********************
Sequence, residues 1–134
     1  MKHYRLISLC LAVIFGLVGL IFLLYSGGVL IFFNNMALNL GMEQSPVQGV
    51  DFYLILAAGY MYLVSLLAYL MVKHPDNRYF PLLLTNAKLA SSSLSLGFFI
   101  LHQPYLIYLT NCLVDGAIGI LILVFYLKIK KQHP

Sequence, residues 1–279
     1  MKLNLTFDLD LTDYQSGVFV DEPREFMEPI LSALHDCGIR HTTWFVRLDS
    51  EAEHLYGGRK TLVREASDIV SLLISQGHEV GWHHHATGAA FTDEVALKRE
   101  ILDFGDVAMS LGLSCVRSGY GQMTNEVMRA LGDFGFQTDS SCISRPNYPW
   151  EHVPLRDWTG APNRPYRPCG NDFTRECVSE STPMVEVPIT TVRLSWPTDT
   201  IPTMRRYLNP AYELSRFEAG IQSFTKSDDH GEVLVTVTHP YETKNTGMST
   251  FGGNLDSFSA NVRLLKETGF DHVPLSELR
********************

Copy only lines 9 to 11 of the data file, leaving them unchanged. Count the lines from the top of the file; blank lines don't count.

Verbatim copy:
   151  EHVPLRDWTG APNRPYRPCG NDFTRECVSE STPMVEVPIT TVRLSWPTDT
   201  IPTMRRYLNP AYELSRFEAG IQSFTKSDDH GEVLVTVTHP YETKNTGMST
   251  FGGNLDSFSA NVRLLKETGF DHVPLSELR